USGS research geologist Renee Takesue of the Pacific Coastal and Marine Science Center collected 20 sediment samples from Sonoma Creek and Napa River north of San Francisco Bay on March 17. Working with her was Brett Tipple, associate project scientist at the University of California, Santa Cruz. They will analyze the samples for sediment and contaminants released after the October 2017 Atlas and Nuns wildfires in northern California. Wildfires can exacerbate erosion and runoff of sediment and toxic debris. Contaminants delivered to San Francisco Bay with post-fire runoff could negatively impact San Pablo Bay National Wildlife Refuge and local marsh-restoration projects. Takesue and Tipple will use geochemical fingerprinting to track the dispersal of post-fire runoff in these sensitive nearshore environments. Contact: Renee Takesue, email@example.com, 831-460-7594
James Hein (white hardhat) monitors dredge operations from the winch shack and explains dredging techniques to Chief Scientist Professor Luigi Jovane (red hardhat) and the ship's crew. Photo credit: Kira Mizell, USGS. Right: Kira Mizell (left) and colleague Mariana Benites (University of São Paulo) pose with marine mineral samples after the seventeenth and final dredge of the cruise. Photo credit: Isobel Yeo, National Oceanography Centre, UK. [Larger version]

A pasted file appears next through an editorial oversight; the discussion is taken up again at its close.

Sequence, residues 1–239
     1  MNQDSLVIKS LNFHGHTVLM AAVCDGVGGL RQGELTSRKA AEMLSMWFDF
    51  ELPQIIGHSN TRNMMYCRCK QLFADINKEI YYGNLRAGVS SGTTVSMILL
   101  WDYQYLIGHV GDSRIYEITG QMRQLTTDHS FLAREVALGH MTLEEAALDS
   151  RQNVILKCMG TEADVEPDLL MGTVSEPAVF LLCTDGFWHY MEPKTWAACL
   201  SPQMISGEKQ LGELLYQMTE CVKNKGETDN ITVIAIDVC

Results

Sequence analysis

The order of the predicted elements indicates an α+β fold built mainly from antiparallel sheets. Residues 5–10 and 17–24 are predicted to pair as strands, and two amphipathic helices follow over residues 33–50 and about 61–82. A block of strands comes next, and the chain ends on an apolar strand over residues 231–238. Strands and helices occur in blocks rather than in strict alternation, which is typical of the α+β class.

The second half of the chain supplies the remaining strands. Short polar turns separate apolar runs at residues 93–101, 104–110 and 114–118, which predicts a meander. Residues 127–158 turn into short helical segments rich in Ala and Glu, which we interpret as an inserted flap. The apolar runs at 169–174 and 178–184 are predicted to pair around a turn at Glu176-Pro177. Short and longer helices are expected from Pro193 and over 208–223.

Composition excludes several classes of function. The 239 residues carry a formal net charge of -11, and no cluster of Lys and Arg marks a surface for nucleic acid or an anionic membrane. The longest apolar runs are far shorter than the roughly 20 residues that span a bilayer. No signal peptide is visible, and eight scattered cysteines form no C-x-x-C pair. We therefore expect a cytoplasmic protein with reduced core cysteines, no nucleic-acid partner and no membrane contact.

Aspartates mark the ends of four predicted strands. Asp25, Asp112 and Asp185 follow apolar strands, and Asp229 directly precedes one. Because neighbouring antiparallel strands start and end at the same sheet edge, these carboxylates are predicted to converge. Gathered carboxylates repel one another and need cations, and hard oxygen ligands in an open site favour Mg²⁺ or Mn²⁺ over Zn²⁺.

USGS scientists James Hein and Kira Mizell participated in a University of São Paulo research cruise to the western Rio Grande Rise, an underwater plateau in international waters of the Atlantic Ocean off Brazil. From 28 January to 21 February, participants mapped the seafloor, collected samples, and conducted lab studies to better understand the seafloor topography of the rise, its sedimentary history, and the processes that have formed mineral crusts rich in iron and manganese. These Fe-Mn crusts precipitate slowly from seawater, preserving a chemical history of ocean conditions and incorporating potentially economically important elements such as cobalt, tellurium, and platinum. Hein, who leads the USGS Global Ocean Minerals project, was invited to join the cruise to share his knowledge of the Fe-Mn crusts and techniques for collecting and interpreting them. Contact: James Hein, firstname.lastname@example.org, 831-460-7419; Kira Mizell, email@example.com, 831-460-7423.
Personal watercraft equipped with GPS and sonar [Larger version]